5 Saltwater Fears you Should NOT Worry About

If you are thinking about starting your very first reef aquarium, several things can seem quite daunting adn put you off. But, with many of those things, the reality is very different from theory.

So, here are five common saltwater fears that you shouldn't worry about:


How does it work? How do you control the water level? Will it flood your house? Well, the reality is, they are really simple. Ultimately, a sump is just a glass box to keep your filtration equipment running.

You use a water pumps knowns as a return pump to send water from the sump up a pipe and to the display tank. Then there is a second pipe in the display tank which sends water to run down back to the sump and usually and third emergency downpipe in case the main drain gets clogged.

If you turn the return off, the water level in the display tank drops to the top of your downpipe or, if you have one, to the box's story that hides the pipes, which are called a wire box.

The water from your tank drops in the tank, and consequently, the water level in your sump rises slightly, but there is never too much water in your tank or sump to spill out onto your carpet, so you don't have to worry about floods.

Most sumps have different sections separated by glass panels or baffles that help separate your filtration equipment. The final area in any sump is where your return pump goes.

This is the section that controls the water level. A water level sensor sits in with a return pump, and as water evaporates in the tank, the water level in the return pump section drops.

When it does so, your water level sensor will add water from a separator freshwater reservoir back into your sump to bring the level back to where it should be. All you have to do for this is fill your freshwater pool once a week. If you are wondering, you replace evaporated water with fresh water, not Saltwater, because the salt stays behind when evaporation occurs.

Scientific Complexity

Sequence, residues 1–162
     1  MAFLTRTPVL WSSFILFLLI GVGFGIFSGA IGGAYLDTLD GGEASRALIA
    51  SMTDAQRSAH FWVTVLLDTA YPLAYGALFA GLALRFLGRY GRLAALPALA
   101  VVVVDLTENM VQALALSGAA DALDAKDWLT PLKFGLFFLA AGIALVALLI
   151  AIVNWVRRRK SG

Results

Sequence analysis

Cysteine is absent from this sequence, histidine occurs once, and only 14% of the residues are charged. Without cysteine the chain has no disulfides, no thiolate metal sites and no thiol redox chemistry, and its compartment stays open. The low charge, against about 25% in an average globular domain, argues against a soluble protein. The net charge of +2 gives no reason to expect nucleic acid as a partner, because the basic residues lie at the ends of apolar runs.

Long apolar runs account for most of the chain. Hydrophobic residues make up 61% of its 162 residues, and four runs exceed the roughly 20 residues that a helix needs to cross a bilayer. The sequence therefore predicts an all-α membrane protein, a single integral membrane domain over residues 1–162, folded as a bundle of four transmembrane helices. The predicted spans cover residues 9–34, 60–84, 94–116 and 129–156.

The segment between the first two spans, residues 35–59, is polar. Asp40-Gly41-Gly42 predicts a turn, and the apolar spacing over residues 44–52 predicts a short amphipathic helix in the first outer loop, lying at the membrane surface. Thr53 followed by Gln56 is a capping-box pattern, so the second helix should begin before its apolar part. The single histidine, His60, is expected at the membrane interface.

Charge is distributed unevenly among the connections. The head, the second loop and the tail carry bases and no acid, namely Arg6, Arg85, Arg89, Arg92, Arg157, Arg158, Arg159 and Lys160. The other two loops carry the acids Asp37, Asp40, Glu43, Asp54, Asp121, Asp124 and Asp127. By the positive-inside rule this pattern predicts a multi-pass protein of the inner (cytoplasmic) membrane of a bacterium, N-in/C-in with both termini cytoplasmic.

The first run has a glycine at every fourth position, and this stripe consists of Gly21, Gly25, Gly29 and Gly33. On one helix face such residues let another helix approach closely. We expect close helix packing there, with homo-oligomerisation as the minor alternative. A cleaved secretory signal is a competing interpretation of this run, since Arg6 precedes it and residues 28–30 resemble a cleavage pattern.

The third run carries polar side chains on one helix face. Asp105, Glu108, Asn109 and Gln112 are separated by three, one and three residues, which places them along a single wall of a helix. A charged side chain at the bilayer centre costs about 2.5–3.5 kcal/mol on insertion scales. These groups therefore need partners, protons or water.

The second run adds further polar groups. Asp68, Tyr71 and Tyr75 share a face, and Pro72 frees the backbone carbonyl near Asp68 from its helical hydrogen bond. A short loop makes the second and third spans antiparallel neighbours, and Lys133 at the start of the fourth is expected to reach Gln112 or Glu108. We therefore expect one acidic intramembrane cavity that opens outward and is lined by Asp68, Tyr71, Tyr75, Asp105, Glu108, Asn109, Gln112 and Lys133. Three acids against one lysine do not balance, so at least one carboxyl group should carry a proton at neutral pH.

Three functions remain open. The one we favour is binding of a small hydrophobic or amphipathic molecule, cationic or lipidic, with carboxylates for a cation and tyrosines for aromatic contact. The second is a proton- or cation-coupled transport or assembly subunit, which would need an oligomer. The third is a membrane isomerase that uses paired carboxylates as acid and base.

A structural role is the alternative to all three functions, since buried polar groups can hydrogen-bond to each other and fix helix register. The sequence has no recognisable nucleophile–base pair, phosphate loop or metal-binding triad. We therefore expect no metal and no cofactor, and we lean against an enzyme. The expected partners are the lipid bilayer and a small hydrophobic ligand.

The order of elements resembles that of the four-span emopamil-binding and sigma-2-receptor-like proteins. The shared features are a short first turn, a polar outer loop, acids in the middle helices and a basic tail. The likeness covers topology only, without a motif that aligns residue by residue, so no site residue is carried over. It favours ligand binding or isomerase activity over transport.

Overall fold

If you watch videos on keeping a reef tank, you will be forgiven for thinking that you need a degree in marine biology even to get started. However, the saltwater folk loves nothing more than telling you how clever you are for having mastered such a creative hobby.

You will hear about testing and maintaining major elements, minor elements, trace elements, nitrate, phosphate, ionic balance amino acid, pH, the list goes on.

But, 95% of running a successful reef tank is just about getting the basics right. You only need to concern yourself with the final five percent when you have the tank packed full of the most difficult to keep corals and want to extract every last drop of additional growth or color from your tank.

To start keeping beginner-friendly soft corals, once you have added rocks, salt water, and a heater to your tank, all you need is a filter. Usually, a protein skimmer to remove pollutants from your tank, lighting to allow your corals to photosynthesize, and powerheads to create flow and corals' happiness.

Those are the only areas you need to worry about when starting. In terms of testing, you only need to test nitrate and phosphate regularly, which are the main parameters you need to keep in check to keep the soft corals happy and to keep algae at bay.

It is worth checking your salinity levels from time to time, but that tends to stay steady by itself, and testing is just a matter of dipping a salinity pen in your tank and getting a digital reader. 

The hobby only has to be as good as complicated as you want it to be. So, if you want a simple life, there are dozens of low-maintenance, soft corals to choose from, and even if you want to progress onto intermediate corals like LPS, a regular water change schedule should be enough to keep your tank looking healthy at least in a short to medium term.